Welcome to the Department of Anthropology!
Anthropology is the integrative study of human beings at all times and in all places. Within this broad field of study, three programs of foundational training form the focus of our department: Archaeology; Human Biology, Ecology, and Evolution; and Sociocultural Anthropology and Ethnography.
We cross cut these specializations with five concentrations to integrate anthropology’s diverse expertise. Our current concentrations focus on: Health, Medicine, and Humanity; Heritage and Unwritten Histories; Global Engagement; Race, Place, and Power; and Food, Environment, and Sustainability.
Department Statement on Anti-Black Violence and Recent Protests
We, the graduate students and faculty of the Department of Anthropology of UNC Chapel Hill, join the voices in the United States and around the world in condemning recent and continued acts of anti-Black violence and racism. As anthropologists, we insist that the recent murders of George Floyd, Breonna Taylor, Tony McDade, and Ahmaud Arbery, as well as so many other lives unjustly destroyed by state-sanctioned agencies and other actors, are made possible by larger and centuries-old systems of oppression and racism that authorize assaults of all kinds on Black lives. We grieve and stand with families and communities as they express their refusal to quietly suffer these killings, and support their demands for policy changes to policing and the criminal justice system. We are outraged by acts of police brutality in the United States and globally, and by the use of militarized force against protesters exercising their Constitutional right to dissent, all while alt-right agitation is defended at the highest levels. We extend our solidarity to Black communities on campus, and to protesters across the country and around the world.
The same week George Floyd was murdered by police in Minneapolis, the world also witnessed Amy Cooper, a white woman in New York’s Central Park, threaten Christian Cooper, a Black man who politely requested that she put her dog on a leash, by dialing the police to falsely report that she was being threatened by an “African-American man.” The recruitment of the police in order to deploy state power against people of color is, unfortunately, not new. It is made possible by a long history in the United States of Black lives being systematically and intentionally targeted and assaulted with impunity, and by the structural racism that bolsters the project of white supremacy and white privilege. These dynamics have been compounded during the coronavirus pandemic: while SARS-Co-V-2 may be “novel,” its unequal effects are not. Due to pre-existing health and socioeconomic disparities, as well as COVID-related policy measures that neglect the reality of communities of color and the working poor, Black, Latinx and indigenous communities across the country have suffered disproportionate loss of jobs, homes, and lives during the pandemic. Working-class people of color are treated as disposable by employers who refuse to provide them with safe working conditions and personal protective equipment. Black communities have also been subjected to expanded surveillance and policing in the name of public health. Both the ravages of the virus and government efforts to contain it have deepened inequalities and structural racism, in ways that we understand to be inseparable from the more media-visible assaults on Black life. While we are hopeful that recent protests open possibilities for systemic change, as anthropologists, we hold that neither recent police brutality against Black people nor the disparities compounded by the pandemic are an exception, a rupture, or “novel” in any way. If anything, these contemporaneous and intersecting events have only shone more light on the inequalities and injustice that we have consistently witnessed around us, in our work and in our lives.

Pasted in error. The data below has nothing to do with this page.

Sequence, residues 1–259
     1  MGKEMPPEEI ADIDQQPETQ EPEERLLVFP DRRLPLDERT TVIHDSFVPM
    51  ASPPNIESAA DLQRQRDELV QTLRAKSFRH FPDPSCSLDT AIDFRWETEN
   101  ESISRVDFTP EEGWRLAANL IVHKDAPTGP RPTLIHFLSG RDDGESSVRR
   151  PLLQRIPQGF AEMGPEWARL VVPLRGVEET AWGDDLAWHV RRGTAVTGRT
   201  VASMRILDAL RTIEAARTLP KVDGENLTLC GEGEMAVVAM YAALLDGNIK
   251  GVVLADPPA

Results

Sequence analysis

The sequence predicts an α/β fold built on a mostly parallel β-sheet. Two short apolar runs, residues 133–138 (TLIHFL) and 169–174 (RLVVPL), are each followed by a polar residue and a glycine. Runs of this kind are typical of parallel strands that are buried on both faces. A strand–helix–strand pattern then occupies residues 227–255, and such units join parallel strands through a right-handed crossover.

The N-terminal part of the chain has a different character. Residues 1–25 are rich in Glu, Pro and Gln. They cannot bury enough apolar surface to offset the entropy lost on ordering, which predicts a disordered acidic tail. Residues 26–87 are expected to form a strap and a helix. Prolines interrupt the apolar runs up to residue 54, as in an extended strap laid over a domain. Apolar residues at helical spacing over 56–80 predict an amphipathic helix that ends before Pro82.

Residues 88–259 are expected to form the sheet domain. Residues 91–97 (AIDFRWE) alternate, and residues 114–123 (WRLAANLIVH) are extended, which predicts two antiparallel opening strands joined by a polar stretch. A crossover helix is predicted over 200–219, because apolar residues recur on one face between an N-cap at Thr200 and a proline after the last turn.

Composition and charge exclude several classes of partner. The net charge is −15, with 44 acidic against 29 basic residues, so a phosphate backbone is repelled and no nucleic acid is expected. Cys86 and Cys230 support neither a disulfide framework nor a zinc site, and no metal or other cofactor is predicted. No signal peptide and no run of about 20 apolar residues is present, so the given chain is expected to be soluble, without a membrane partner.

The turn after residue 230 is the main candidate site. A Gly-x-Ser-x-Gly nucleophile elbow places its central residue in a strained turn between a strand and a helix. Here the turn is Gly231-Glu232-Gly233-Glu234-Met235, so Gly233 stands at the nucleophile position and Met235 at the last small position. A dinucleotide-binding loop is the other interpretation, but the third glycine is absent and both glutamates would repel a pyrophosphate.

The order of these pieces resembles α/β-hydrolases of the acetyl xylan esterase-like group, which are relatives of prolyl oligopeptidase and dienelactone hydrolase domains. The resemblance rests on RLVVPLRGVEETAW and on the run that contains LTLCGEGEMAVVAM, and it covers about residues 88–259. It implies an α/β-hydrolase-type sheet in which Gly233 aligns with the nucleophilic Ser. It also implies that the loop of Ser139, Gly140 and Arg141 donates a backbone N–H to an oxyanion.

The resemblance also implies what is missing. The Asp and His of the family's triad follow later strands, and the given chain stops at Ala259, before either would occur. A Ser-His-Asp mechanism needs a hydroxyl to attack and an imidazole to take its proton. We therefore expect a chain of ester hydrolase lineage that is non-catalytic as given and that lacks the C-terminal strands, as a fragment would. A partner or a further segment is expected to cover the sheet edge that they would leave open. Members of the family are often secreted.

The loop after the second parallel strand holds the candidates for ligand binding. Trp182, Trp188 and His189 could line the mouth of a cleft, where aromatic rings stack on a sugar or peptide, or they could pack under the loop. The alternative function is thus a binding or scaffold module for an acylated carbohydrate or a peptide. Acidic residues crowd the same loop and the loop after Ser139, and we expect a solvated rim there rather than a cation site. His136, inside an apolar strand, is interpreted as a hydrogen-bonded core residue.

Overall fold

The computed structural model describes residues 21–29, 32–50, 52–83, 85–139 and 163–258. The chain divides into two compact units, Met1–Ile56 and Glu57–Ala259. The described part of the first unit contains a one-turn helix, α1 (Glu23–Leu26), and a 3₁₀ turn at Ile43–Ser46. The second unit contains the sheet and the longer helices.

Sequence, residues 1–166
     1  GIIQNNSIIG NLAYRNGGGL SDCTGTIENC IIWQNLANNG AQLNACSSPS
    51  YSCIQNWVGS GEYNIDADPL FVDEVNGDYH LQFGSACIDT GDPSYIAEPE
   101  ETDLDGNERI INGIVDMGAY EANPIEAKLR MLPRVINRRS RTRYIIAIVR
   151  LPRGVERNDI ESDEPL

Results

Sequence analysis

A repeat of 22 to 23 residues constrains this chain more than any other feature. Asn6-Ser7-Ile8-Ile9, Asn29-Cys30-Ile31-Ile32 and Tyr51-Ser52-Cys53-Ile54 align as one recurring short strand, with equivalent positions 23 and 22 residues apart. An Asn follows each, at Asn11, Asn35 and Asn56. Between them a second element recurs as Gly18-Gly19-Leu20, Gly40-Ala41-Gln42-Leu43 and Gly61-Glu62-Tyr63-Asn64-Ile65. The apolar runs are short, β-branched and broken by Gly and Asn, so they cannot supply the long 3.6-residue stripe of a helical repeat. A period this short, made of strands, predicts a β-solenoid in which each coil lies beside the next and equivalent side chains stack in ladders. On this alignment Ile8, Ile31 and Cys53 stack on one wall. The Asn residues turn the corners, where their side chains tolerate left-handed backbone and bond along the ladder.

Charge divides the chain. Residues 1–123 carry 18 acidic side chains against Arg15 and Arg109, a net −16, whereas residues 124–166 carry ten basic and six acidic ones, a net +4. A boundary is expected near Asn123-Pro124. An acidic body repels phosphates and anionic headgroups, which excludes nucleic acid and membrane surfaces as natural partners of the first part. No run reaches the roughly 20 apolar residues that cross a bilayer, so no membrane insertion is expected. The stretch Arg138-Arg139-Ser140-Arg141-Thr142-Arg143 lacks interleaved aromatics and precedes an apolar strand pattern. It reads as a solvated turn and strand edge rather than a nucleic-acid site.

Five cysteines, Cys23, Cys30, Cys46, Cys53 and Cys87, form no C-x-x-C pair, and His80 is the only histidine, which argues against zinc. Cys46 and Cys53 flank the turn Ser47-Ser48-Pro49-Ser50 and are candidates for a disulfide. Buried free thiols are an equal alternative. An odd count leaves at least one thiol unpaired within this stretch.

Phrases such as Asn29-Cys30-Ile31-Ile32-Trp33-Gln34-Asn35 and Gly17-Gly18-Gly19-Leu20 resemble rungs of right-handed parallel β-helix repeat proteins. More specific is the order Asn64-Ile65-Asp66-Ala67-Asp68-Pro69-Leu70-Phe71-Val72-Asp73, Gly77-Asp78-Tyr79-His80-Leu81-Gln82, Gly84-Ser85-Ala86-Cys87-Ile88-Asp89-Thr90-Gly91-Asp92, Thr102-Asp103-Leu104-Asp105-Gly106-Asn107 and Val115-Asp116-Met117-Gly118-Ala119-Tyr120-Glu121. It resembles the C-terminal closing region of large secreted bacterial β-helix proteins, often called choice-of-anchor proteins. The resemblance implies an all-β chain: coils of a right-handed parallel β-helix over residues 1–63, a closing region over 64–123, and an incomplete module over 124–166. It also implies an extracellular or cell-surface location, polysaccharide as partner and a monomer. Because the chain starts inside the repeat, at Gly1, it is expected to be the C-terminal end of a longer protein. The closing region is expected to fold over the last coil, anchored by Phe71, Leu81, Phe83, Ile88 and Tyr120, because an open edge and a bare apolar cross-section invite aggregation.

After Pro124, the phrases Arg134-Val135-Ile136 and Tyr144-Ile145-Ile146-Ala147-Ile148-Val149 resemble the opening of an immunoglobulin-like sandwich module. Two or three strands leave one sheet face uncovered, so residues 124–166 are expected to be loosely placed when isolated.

We stand in solidarity with the Association of Black Anthropologists, whose statement against police violence and anti-Black racism can be read here. We are encouraged and inspired by those who are reflecting as well as acting in concrete ways in this current moment, including within our classrooms and through research. But we also recognize that there is much work to do within our own discipline and within the academy. As anthropologists, we must reckon with our discipline’s history and practice in the struggle to decolonize teaching, research, fieldsites, and mentorship. We pledge to listen and learn, even when it is difficult; to face the forms of structural racism and bias at work in our classrooms and in our discipline in order to enact ways of redress together; and to hold our home institutions accountable by speaking up against unjust policies that hinder the growth of our Black and other POC and indigenous students, faculty, and non-academic staff. As we engage in these lifelong efforts, we stand united with our students, staff, and faculty in the struggle for justice, safety and well being on our campus, in our communities, and in our society at large.
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